The concept of a plastic rechargeable subway card is not innovative. Washington D.C.’s SmarTrip card makes traveling easier on it’s residents and saves paper. But the Octopus exists on a whole different level. Not only can you get on the train with this card, but buy coffee, lunch, or a t-shirt. Thousands of Hong Kong businesses have scanners that accept the card. Locals access public swimming pools, race tracks, and sporting venues by swiping in. Hong Kong schools use students’ Octopus cards to take attendance in classes and wristbands with Octopus chips embedded are made for children to wear. These convenient encasement are not just for kids, there are also stylish options for adults.


Beyond the Octopus, Hong Kong’s Mass Transit Rail (MTR) does a few other things right that large cities like New York would be wise to follow. For example the glass doors preventing access to the tracks when the train is not in the station.  In 2013, 151 people were struck by trains in New York City, 51 of those collisions were fatal. While New York has started to research ways to prevent these situations, Hong Kong has not only installed glass encasements, but during rush hour employees hold smiley-faced stop signs to prevent people who try to hop on trains as the doors close.


Not only is the ride safe and rodent-free ride, all of the train cars are spotless and air-conditioned. The cold air in the trains only blows, quite fiercely I might add, when the train is motion, creating a nice illusion that riders can actually feel the wind on their face as the train moves through the city. Lastly, because Hong Kong has turned their subway system into one giant underground mall, and reaped the tax benefits from the retailers, the city can afford to pay for all this high technology while keeping passenger fares reasonable.

So, New York. We know you are great.  We love your pizza, your jazz clubs,  your street performers and your bagels. But Hong Kong’s subway is making you look bad.  London now has a similar card called an Oyster.  Call it what you like, but let’s ease the stress of New York City living, and follow this global city’s lead.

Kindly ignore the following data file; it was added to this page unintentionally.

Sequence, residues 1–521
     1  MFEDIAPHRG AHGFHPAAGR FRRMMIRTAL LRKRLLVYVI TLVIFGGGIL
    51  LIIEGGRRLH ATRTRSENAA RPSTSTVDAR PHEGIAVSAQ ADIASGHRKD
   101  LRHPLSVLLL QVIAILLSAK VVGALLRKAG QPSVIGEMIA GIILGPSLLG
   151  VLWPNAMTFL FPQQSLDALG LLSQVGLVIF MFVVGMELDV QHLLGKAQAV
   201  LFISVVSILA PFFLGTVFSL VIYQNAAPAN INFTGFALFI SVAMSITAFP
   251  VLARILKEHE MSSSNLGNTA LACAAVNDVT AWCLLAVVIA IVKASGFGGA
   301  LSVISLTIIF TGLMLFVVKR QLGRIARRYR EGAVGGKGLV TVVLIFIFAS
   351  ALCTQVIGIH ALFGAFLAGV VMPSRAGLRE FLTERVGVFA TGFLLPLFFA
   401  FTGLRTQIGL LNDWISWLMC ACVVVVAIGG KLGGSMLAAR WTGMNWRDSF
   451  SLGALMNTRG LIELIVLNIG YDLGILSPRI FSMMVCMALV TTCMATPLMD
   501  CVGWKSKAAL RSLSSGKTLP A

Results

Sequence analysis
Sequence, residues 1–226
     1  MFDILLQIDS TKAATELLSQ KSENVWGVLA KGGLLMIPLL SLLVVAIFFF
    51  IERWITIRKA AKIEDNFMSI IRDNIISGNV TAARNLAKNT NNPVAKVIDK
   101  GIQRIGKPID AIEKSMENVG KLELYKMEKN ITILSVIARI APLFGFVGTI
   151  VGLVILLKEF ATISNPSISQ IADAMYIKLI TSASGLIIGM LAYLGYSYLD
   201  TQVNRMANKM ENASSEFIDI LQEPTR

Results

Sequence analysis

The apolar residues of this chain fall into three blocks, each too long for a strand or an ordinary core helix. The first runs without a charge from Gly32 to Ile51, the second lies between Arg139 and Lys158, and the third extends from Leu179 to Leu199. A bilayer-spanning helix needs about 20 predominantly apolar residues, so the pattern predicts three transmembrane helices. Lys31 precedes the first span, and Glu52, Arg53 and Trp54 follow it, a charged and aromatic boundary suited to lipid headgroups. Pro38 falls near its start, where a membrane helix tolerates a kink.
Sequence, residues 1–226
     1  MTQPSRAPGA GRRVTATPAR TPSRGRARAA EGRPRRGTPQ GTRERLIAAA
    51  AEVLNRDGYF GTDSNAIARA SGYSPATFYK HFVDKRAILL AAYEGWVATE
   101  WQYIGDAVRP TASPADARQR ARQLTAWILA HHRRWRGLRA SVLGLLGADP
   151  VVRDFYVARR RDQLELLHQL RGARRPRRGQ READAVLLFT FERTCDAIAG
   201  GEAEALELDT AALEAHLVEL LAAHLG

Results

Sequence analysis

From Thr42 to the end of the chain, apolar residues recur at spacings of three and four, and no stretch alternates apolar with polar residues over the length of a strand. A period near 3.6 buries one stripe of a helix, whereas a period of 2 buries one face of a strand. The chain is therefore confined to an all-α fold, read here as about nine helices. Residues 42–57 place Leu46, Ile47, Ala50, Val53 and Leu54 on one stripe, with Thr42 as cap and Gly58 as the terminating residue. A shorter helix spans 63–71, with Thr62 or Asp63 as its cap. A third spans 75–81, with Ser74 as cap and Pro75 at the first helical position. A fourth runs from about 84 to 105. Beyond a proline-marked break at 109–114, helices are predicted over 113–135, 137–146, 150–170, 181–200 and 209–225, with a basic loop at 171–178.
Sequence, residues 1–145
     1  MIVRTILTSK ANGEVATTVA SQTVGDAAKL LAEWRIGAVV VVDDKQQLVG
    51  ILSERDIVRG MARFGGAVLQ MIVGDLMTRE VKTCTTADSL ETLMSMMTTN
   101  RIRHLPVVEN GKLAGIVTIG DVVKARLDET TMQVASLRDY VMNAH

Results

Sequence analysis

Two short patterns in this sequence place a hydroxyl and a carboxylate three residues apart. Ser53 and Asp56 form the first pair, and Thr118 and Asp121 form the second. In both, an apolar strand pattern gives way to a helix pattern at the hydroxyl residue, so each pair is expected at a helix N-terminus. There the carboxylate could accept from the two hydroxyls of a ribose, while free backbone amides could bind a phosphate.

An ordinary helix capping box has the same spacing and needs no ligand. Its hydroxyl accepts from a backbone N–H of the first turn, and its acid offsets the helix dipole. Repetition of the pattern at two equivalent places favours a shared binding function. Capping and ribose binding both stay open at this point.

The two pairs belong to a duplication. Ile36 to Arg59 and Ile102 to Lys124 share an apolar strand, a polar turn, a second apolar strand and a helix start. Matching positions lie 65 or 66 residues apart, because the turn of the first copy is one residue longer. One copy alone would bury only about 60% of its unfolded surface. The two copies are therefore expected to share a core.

The Changing Face of Islam in Kosovo

There is no question or doubt that Islam in Kosovo is different from Islam in any other place of the Islamic world. The interesting point to light on is how is Islam in Kosovo different? How is it slowly changing? The majority of people that I had the chance to interact with throughout two months in Kosovo (Friends, colleagues, and acquaintances) would claim that they are Muslims but not religious. Not religious implies that they drink alcohol, don’t fast during Ramadan, don’t practice the five Islamic prayers everyday. Those who do practice some of the religious obligations usually don’t fully obey the Islamic rules, instead choosing to take what suits them and leave the other values that they don’t find suitable.


The Turkish Model & Traditional Islam in Kosovo

The Turkish Islamic model is what many Kosovo Albanians look to as a role model. Kosovo has very good relationship with Turkey and they tend to maintain an Islamic model similar to that of secular Turkey. Don Lush Gjergi, an Albanian Catholic priest, claims that Kosovo used to have two Islamic role models to look up to: Turkey and Egypt. However, after the current crises in those two countries Kosovo is left without any role model.